36) How does the Puget Sound Partnership/ the PSNERP Process/ the AAHS and the TMDL relate to the Community Discussion on the Urban Watershed/Capitol Lake?

Answer: These various entities consist of some of the State, Tribal and local organizations and individuals concerned with water quality in Budd Inlet and Puget Sound. Much of the membership is overlapping with the same State Agency staff members wearing different hats. It cannot be said that these groups have included all of the critical factors that need to be addressed by the State Capitol Committee, Legislature and the Community to allow a true community discussion of alternatives before the long term management program is implemented. Ecology, the lead agency on most of the discussions, should have a public service role with these various groups and should be deferring to the State Capitol Committee for direction and guidance as the Lead Agency in the decision process.

37) What role does Ecology have in making the ultimate decision on the future of Capitol Lake?

Answer: The State Capitol Committee which is made up of the Governor, Lieutenant Governor, Secretary of State, and Public Lands Commissioner are the ultimate decision-makers on the future of Capitol Lake. The State Legislature would also need to appropriate funds to dredge the Lake or to remove the tide lock. The Governor appoints the director of the Department of Ecology with the assignment to conduct objective and science based studies in collaboration with other public and private groups. The Puget Sound Partnership along with Ecology are obligated to present the supporting documents that address the environmental, economic, social, and cost benefit data that will allow the State Capitol Committee and the Community guide the development and implementation of the long term plan for the Urban Watershed and Capitol Lake. Consequently, Ecology only has an advisory role to the State Capitol Committee and DES as the Lead Agency is the State Environmental Impact Statement, leading to the final plan.

38) What is the City of Olympia's Position on the Lake?

Answer: Olympia’s current City Council has taken no public position on the Lake issue as of now. Their stated position is that Capitol Lake and its future is the responsibility of the State Capitol Committee. They are willing to participate in Public Private Executive Leadership Team if convened by the State.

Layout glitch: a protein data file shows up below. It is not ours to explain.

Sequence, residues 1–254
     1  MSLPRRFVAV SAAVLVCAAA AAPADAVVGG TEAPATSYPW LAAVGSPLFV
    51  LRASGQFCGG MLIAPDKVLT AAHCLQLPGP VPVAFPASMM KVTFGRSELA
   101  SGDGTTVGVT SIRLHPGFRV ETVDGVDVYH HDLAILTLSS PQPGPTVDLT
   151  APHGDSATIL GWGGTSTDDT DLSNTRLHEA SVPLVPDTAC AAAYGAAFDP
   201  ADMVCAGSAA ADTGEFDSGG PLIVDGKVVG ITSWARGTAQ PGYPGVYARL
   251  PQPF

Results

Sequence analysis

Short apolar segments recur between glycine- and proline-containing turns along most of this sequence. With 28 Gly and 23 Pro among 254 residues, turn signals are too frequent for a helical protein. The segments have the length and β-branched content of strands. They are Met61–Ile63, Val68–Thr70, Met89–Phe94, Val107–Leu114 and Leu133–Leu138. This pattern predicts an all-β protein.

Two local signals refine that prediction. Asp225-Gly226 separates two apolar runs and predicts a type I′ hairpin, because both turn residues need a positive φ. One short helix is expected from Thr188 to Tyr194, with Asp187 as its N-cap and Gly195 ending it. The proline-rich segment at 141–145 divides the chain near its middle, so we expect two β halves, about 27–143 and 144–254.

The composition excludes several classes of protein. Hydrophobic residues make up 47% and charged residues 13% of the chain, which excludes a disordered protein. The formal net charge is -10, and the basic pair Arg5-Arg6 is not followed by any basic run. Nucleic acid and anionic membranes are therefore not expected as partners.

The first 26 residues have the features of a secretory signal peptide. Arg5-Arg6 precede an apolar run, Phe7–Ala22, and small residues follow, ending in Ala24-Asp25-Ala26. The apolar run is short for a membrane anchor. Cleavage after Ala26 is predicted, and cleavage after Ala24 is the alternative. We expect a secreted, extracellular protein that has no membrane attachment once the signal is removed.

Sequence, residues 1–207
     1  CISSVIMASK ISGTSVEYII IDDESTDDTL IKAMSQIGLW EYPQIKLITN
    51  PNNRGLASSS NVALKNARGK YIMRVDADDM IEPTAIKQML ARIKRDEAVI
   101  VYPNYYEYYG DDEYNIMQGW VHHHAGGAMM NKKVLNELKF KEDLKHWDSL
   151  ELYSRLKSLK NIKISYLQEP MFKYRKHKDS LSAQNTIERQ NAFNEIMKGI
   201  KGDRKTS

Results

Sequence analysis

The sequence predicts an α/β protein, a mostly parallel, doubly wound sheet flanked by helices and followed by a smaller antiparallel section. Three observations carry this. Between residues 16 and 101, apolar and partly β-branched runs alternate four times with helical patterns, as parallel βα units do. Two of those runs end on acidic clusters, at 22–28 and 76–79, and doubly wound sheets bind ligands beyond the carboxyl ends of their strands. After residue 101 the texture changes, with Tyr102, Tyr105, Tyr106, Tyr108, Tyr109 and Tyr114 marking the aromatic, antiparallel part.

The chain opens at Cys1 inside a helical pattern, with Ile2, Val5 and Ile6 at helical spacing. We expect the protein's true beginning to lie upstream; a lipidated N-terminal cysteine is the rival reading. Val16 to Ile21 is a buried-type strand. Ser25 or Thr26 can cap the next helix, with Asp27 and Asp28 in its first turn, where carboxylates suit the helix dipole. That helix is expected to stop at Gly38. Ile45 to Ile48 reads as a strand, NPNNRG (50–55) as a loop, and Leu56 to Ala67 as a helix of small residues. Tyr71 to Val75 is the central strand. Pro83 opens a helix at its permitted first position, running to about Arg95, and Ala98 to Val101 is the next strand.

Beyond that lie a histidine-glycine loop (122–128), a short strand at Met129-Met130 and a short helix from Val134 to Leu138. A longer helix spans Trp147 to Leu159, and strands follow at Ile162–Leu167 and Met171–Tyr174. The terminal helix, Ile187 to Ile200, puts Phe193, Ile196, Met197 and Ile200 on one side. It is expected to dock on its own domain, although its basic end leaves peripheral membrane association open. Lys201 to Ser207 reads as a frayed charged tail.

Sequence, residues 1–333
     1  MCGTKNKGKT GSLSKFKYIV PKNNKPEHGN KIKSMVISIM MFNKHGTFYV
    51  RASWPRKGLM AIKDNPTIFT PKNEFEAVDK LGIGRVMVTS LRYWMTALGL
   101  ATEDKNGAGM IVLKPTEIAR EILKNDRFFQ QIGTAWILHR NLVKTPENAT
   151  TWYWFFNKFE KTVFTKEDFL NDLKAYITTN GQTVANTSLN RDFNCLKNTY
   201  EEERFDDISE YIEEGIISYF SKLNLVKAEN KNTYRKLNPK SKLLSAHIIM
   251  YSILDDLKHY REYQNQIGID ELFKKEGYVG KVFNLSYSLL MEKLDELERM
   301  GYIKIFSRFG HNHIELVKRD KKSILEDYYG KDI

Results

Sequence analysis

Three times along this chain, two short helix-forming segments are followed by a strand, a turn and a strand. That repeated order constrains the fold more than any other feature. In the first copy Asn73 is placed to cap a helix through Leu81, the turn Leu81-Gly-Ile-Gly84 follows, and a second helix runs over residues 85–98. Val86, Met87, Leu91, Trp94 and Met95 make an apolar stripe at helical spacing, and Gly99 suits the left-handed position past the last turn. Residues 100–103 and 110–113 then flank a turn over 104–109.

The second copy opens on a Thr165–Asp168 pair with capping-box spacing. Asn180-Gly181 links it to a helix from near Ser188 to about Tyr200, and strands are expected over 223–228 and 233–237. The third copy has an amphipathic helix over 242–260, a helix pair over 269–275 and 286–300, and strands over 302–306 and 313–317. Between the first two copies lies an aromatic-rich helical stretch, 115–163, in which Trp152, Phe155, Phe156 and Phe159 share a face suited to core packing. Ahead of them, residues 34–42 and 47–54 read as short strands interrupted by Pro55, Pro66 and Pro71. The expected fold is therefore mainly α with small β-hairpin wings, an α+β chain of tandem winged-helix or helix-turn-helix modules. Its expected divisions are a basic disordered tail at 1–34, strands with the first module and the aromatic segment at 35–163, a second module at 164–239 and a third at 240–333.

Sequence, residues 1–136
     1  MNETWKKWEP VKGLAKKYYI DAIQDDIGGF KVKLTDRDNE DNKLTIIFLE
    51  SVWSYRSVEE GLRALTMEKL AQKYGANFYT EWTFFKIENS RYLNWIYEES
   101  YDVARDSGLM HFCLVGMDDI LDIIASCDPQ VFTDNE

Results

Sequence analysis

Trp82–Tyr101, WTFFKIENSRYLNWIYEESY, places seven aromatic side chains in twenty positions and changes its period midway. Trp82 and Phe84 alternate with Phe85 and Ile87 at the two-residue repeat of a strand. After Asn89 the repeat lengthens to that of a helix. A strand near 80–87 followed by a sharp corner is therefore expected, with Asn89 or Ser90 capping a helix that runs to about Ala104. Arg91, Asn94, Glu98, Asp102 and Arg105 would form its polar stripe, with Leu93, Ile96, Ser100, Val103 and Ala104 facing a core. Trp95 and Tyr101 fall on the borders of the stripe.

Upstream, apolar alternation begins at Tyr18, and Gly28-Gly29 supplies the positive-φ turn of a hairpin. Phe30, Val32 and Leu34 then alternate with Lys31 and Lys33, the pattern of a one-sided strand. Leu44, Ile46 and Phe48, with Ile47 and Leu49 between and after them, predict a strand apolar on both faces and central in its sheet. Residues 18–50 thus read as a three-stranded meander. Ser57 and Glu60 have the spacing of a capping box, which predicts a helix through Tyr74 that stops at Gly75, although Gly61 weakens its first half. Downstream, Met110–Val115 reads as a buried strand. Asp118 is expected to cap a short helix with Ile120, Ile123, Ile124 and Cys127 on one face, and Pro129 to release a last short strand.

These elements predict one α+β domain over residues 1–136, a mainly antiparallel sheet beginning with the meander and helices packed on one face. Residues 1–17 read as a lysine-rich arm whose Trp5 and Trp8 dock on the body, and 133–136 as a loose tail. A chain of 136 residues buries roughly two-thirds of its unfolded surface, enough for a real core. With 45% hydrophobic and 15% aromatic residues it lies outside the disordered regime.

The City has recently invested over $10 million in a partial “redo” of the popular Percival Landing, and has plans for the remaining portions of the link to the boating waterfront. They have initiated steps to purchase the properties on the Isthmus to provide another public park on the waterfront for the community to access the recreation opportunities provided by the Lake and Budd Inlet. They have plans to make Downtown Olympia a “24 Hour City” to accommodate the growing Thurston County population. Currently their plan for their role in supporting the Deschutes Urban Watershed is confused.

39) What is Thurston County's Position on the Lake?

Answer: CLIPA does not know what the County Commission’s position is. However, it is the County that is the lead agency in managing the forest practices, land use, County road run offs and to correct or upgrade of failing septic tanks that contribute the primary sources of pollutants to the tributaries of the Deschutes River. The County Health continues to monitor water quality throughout the County, including the monitoring data from Capitol Lake that shows the Lake being one of the “healthiest” lakes in Thurston County. Their data also shows that the water quality of Black Lake (a County approved swimming lake) is very similar to the current water quality in Capitol Lake.

40) What is the City of Tumwater's Position on the Lake?

Answer: The City voted against the original CLAMP recommendations, but has not made CLIPA aware of their current position. The City is pursuing a comprehensive “public use” of the Deschutes Urban Watershed. Their relatively new Pioneer Park continues to be expanded and is the “starting point” for the Urban Watershed District that could become the showplace of Thurston County and the State with the development of a “master plan that integrates urban living with a wide variety of environmental and water contact recreation from their Pioneer Park to Olympia Priest Point Part. Tumwater’s Brewery District is another great potential contribution to the community.

41) What is the DES/ SCC Recommendation to the Legislature on the future of the Lake?

Answer: DES received the original CLAMP Recommendations, but chose not to respond to the submittal. This has been the same response from the last three DES Directors (Bremer, Turner, and Liu). Director Liu has now contracted with the Ruckelshaus Center to provide guidance to DES. DES is staff to the State Capitol Committee. The SCC may choose to initiate a plan of its own origin and forward it to the Legislature for funding.

42) What are the EIS Alternatives being considered by those responsible for the decision?

a) Natural/Reconstructed Tidal Mud Flats - Remove all manmade structures between 4th Avenue Bridge and Pioneer Park on the Deschutes River, including the existing fish ladders.
b) Managed Lake and Urban Watershed - Incorporate all of local government plans into a comprehensive Urban Watershed Plan and Management District. Pioneer Park to Priest Point Park
or c) Do Nothing - Allow Capitol Lake and lower Budd Inlet to fill in with sediment until the Olympia Waterfront becomes a fresh and salt water marsh with no recreation or economic support for the Downtown.

Community Discussion Questions & Responses - June & July 2014

Questions raised during two public forums about the future of Capitol Lake, with responses by CLIPA